The promising results of PARP inhibitors in the treatment of both breast and ovarian cancers have led several clinical trials to also utilize this class of cancer therapeutic drugs in the treatment of gastrointestinal (GI) malignancies, particularly those involving the pancreas. Pancreatic cancer currently has a survival rate of about 9%, which is the lowest of all cancer types. Therefore, further investigation of how emerging agents like PARP inhibitors, both alone and in combination with cytotoxic agents, must be conducted to determine the best approach to treating this aggressive type of cancer.
In addition to demonstrating a high level of efficacy in treating BRCA-mutant subtypes of cancer, particularly in breast cancer, PARP inhibitors are also promising candidates in the treatment of aggressive metastatic, castration-resistant prostate cancer with both BRCA and ATM, which is another type of DNA repair protein that is involved in HR.
Predicting sensitivity to DNA-targeting agents
In addition to the specialized anti-cancer drugs that have been developed to target specific molecular targets, several pre-existing drugs are often used without molecular-based stratification. Some examples of these commonly used DNA-targeting drugs include cisplatin, etoposide, topotecan, and gemcitabine.
In an effort to continue to create targeted treatment approaches for each individual patient, several studies have investigated how these established drugs might elicit more effective responses in certain subtypes of cancer.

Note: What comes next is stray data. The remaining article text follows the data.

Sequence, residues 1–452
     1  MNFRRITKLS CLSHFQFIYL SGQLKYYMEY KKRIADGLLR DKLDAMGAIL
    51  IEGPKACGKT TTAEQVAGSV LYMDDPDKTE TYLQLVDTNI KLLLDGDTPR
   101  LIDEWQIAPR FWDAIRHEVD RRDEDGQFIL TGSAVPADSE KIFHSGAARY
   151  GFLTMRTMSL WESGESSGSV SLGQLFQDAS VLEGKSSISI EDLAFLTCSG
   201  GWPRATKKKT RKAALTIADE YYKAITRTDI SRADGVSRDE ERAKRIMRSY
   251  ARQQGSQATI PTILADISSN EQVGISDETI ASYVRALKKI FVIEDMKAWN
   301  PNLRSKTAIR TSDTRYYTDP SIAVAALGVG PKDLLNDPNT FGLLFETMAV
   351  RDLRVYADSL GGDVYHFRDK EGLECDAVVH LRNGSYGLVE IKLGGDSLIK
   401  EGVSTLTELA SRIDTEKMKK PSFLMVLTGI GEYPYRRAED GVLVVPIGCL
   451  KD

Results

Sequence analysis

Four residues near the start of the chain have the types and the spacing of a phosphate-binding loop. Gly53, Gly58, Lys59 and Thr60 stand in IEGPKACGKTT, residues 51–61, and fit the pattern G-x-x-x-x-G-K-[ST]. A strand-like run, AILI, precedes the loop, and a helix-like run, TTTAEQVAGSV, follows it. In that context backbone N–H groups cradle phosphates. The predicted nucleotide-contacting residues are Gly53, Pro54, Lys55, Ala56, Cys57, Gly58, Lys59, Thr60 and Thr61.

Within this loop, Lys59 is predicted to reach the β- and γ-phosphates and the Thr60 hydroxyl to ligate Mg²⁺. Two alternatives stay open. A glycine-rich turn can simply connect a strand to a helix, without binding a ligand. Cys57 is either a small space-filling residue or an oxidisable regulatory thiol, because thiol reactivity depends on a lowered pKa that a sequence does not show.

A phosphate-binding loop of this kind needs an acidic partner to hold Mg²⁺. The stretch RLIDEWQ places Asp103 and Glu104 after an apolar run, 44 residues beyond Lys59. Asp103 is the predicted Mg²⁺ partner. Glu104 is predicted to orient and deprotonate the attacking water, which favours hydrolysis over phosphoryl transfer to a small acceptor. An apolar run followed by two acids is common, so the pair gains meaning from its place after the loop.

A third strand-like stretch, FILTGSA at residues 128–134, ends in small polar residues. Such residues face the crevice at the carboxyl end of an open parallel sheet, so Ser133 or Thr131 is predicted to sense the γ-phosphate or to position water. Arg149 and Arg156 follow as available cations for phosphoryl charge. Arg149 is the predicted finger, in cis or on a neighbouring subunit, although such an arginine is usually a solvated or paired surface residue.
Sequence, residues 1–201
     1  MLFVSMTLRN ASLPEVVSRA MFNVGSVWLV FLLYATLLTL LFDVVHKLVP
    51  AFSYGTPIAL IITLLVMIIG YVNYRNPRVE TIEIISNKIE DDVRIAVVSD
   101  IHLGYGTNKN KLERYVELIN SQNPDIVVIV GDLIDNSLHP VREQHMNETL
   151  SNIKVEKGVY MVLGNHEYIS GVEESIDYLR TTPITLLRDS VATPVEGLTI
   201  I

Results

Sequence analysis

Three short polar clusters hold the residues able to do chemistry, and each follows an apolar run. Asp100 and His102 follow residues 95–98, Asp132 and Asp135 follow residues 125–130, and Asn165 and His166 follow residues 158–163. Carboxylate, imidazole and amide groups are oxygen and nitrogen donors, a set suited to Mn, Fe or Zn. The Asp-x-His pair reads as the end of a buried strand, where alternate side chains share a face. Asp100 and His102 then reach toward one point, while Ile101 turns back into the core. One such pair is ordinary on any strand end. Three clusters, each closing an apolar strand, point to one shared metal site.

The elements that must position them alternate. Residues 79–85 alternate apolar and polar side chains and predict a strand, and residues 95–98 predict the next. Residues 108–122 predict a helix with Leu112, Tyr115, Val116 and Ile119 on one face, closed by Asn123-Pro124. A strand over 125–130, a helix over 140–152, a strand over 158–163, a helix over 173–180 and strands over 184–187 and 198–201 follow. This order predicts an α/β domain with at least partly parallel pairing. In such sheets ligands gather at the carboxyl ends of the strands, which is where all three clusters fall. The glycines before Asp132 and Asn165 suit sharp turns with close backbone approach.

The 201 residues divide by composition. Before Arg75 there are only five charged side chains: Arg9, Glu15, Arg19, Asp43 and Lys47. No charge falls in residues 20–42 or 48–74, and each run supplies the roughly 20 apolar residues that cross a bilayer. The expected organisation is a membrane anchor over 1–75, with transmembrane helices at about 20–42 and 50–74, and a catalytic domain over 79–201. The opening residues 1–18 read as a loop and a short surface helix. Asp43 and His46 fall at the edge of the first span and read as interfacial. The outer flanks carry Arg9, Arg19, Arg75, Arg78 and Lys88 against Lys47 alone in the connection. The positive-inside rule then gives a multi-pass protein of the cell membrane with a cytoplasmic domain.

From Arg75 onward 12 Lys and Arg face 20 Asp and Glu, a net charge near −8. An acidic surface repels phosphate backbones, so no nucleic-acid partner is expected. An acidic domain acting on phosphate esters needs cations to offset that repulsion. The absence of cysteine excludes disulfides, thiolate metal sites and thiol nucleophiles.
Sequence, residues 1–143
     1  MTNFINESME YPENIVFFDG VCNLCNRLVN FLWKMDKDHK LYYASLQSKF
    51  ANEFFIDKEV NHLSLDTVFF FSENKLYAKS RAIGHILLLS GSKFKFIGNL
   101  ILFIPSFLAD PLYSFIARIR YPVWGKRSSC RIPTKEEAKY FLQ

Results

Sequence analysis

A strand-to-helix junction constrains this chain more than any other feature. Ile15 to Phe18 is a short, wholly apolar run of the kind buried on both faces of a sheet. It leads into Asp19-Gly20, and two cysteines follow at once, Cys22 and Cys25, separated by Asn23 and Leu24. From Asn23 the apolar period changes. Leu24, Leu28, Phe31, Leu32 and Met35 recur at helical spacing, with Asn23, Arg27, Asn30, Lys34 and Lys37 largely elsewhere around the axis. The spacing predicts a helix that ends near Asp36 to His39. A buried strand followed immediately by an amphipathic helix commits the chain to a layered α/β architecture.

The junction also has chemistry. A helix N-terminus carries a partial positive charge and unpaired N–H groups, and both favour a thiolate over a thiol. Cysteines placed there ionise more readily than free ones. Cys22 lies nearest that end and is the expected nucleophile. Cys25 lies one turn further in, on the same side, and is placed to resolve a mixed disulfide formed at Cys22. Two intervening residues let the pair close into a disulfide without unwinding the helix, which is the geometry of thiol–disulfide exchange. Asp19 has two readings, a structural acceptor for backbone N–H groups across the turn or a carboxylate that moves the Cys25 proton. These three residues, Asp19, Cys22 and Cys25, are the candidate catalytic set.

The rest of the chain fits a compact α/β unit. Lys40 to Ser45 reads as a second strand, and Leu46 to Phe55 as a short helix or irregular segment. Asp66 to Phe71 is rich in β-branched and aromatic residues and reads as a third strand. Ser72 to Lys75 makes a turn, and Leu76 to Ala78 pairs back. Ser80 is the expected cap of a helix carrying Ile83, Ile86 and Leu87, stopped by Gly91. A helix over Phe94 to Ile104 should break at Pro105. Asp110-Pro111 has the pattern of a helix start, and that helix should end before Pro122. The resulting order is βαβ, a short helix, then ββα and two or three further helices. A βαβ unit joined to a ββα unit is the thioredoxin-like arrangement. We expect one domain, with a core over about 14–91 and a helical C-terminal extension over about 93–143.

Cancer cell lines expression SLFN11, which is a gene that has been associated with inducing irreversible cell cycle arrest following treatment with several DNA replication inhibitors, may be more sensitive to certain DNA-targeting agents. In particular, topoisomerase I and II inhibitors, alkylating agents, and DNA synthesis inhibitors have each been found to elicit a significant response in cell lines that have a high expression of SLFN11.
Currently, there is a lack of validated assays available for the detection of SLFN11 expression in patient tumors; however, studies indicate that the expression of this gene is highly variable in many patient populations and across different tumor types. Therefore, the development of treatment regimens that utilize this information has the potential to be significantly more effective in eradicating cancerous cells.
- What is precision medicine? [Online]. Available from: medlineplus.gov/genetics/understanding/precisionmedicine/definition/.
- Beggs, R., & Yang, E. S. (2019). Chapter Five – Targeting DNA repair in precision medicine. Advances in Protein Chemistry and Structural Biology 115; 135-155. doi:10.1016/bs.apcsb.2018.10.005.
- Molinaro, E., Andrikou, K., Casadei-Gardini, A., & Rovesti, G. (2020). BRCA in Gastrointestinal Cancers: Current Treatments and Future Perspectives. Cancers (Basel) 12(11). doi:10.3390/cancers12113346.
- Reinhold, W. C., Thomas, A., & Pommier, Y. (2017). DNA-Targeted Precision Medicine; Have We Been Caught Sleeping? Trends in Cancer 3(1); 2-6. doi:10.1016/j.trecan.2016.11.002.
- All DNA Content
- What is DNA?
- DNA Properties
- DNA Chemical Modifications
- DNA Biological Functions
Last Updated: Apr 26, 2021
After completing her Bachelor of Science in Toxicology with two minors in Spanish and Chemistry in 2016, Benedette continued her studies to complete her Master of Science in Toxicology in May of 2018.During graduate school, Benedette investigated the dermatotoxicity of mechlorethamine and bendamustine; two nitrogen mustard alkylating agents that are used in anticancer therapy.